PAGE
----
2002, Columbia. Directed by Wayne Wang. Jennifer Lopez, Ralph Fiennes, Tyler Posey, Marissa Matrone, Natasha Richardson, Stanley Tucci, Bob Hoskins.
Decent Films Ratings
Content advisory: An implied non-marital sexual encounter and some sexual references, crude language, and profanity.
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Written for the U.S. Conference of Catholic Bishops Office of Film and Broadcasting.
By Steven D. Greydanus
Agreeable if formulaic romantic comedy in which a charming politician (Ralph Fiennes) mistakes a hotel maid (Jennifer Lopez) for a wealthy guest. Appealing performances from the main and supporting cast help Wayne Wang’s familiar comedy of errors go down easily enough despite an autopilot resolution, along the way touching on issues of class and opportunity.
He’s a wealthy, unattached scion of a political dynasty; she’s a hard-working maid whose mother and workplace "sisters" discourage her from yearning for more. An updated "Cinderella" story in the Pretty Woman mold, Wayne Wang’s Maid in Manhattan (Columbia) makes agreeably diverting viewing for most of its 105-minute running time, though after the magic runs out at midnight the movie meanders through an autopilot resolution that lacks a glass slipper.
Jennifer Lopez credibly sheds her diva image to play Marisa, a hardworking single mother who may or may not have been married to the unreliable, irrelevant father of her ten-year-old son Ty (Tyler Posey). Far from pining away for her prince to come someday, Marisa dreams of working her way up to a management position, but is inhibited by the fatalistic attitudes of her peers and especially of her defeatist mother.
Ralph Fiennes proves charming and magnetic in the blandly written Prince-Charming role of Christopher Marshall, a New York senatorial hopeful whose father and grandfather were career politicians. Unlike Marisa, Marshall has no obvious drive or passion about his work — though his agitated campaign manager (Stanley Tucci) has enough emotion for both of them. What he does have is a reputation as a bit of a frivolous ladies’ man; he’s the one who seems to be on the lookout for his princess to come along.
And, the first time he really sees her, Marisa certainly looks the part. As a hotel maid, Marisa strives to be invisible, despite being constantly surrounded by ostentation and luxury. One day, prodded by a coworker (Marissa Matrone), she succumbs to a momentary temptation to play dress-up with an extravagant outfit from the wardrobe of a wealthy guest. Naturally, that’s when Chris walks in and sees her. A fairy godmother couldn’t have worked it out better.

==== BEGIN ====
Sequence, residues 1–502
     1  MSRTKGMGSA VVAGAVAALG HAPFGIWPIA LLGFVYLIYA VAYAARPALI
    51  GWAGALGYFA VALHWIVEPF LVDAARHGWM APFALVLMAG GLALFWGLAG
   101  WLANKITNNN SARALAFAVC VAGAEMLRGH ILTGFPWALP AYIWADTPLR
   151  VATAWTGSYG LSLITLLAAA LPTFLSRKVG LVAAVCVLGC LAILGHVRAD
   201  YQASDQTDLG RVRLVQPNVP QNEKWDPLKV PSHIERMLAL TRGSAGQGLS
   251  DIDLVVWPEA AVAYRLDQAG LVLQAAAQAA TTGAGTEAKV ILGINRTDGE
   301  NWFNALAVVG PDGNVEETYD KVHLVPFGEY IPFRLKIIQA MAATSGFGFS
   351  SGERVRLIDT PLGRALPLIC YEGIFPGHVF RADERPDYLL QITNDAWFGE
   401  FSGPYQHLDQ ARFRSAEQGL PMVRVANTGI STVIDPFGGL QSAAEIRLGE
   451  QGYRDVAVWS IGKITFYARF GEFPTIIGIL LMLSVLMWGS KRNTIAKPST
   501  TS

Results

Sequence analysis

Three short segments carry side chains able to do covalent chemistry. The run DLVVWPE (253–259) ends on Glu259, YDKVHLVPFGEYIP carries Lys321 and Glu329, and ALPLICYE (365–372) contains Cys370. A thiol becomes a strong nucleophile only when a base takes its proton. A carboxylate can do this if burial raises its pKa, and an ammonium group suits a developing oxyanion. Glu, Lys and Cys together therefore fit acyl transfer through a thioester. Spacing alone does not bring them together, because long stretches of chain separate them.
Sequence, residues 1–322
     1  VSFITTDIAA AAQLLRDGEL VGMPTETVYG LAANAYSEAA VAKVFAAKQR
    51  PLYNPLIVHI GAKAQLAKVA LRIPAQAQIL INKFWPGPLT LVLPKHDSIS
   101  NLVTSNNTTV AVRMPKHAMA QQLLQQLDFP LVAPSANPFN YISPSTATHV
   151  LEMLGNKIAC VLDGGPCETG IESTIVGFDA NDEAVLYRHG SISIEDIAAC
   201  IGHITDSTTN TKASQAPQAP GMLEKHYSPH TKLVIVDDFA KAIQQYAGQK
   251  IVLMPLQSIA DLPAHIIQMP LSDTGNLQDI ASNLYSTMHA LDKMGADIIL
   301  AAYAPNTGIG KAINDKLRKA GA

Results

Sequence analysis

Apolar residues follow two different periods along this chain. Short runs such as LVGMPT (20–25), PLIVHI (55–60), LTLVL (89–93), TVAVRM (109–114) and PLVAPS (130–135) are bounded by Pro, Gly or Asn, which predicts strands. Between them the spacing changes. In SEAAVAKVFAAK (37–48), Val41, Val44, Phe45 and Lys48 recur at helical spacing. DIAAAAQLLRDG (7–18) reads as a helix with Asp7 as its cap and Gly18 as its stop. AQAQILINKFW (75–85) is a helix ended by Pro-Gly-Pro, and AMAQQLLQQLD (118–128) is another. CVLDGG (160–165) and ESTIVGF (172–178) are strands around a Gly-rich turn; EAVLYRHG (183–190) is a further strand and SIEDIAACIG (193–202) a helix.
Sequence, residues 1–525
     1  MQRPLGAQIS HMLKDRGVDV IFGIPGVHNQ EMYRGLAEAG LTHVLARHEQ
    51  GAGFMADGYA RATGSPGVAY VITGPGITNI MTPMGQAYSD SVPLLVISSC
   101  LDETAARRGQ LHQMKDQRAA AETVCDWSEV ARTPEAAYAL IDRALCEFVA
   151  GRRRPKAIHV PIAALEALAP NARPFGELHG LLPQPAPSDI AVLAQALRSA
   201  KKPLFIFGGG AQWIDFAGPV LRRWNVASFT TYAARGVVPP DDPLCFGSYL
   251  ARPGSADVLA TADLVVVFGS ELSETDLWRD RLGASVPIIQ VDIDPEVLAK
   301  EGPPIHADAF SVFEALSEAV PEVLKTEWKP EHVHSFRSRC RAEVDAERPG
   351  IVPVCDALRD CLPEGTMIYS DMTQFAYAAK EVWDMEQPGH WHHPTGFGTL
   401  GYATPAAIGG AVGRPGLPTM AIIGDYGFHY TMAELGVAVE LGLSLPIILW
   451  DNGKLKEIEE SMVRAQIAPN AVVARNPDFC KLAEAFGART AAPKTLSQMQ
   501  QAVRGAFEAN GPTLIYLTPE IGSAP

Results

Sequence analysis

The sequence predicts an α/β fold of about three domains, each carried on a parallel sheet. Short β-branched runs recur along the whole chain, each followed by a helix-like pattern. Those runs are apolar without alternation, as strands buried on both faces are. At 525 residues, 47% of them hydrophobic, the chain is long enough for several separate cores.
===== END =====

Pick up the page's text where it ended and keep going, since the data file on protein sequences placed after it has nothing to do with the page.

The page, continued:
Afterwards, the comedy mounts as Chris tries to pursue the charming woman he met in the luxury suite — only to find her mysteriously transformed into another woman entirely, frivolous socialite Caroline Sincaire (broadly comic Natasha Richardson). And, of course, Marisa must now avoid being seen by Chris in her hotel-maid persona, which leads to obvious complications when she’s required to serve at a luncheon for Chris and Caroline.
Marisa’s problem doesn’t escape the notice of the hotel’s very British butler, Lionel (Bob Hoskins); indeed, one suspects that very little does. Crisply efficient, unflappably dignified, and implicitly discreet, Hoskins is the very picture of the archetypal English butler (he reportedly studied the "Butler’s Manual" in preparation for the role), and one of the film’s unqualified pleasures.
While Lopez and Fiennes are both appealing, there’s not much chemistry between them, perhaps because Lopez keeps her character’s feet warily grounded in reality, never allowing herself to be swept along by the fantasy. Compensating for that, Fiennes connects effectively with likable young Posey, who as Marisa’s son represents her vulnerable side.
Along the way, the movie touches on issues of class and opportunity, without trying to treat these themes with any real depth or insight. Marisa has a few proud speeches and suggests that Chris needs to know more about life in the projects before reducing their problems to sound bites, but this observation itself is just another sound bite. (Somewhat surprisingly, the movie establishes that Chris is a Republican — but not before first making clear that he has a strong environmental voting record.)
The "Cinderella" formula reaches its apex in a big ballroom scene, in this case a swanky political event that Marisa attends with Chris. Knowing that she’s risking her job with the masquerade, Marisa is determined to say goodbye; yet the fairy-tale formula finally gives way completely to modern sensibilities as the ballroom scene gives way to a bedroom scene.
The story never quite regains its footing after that, as a series of perfunctory plot machinations bundles the couple through an inevitable pattern of breakup and reunion. By this point, though, the audience has either bought into the romance or not; those who have will be along for the ride, and will be reasonably satisfied with the happy ending. A clever, whimsical denouement ends the movie on a high note, wrapping up various plot threads and providing a glimpse into the characters’ futures.
Maid in Manhattan is no classic, but it goes down easily enough.
Because of an implied non-marital sexual
encounter and some sexual references, crude language, and
profanity, the U.S. Conference of Catholic Bishops classification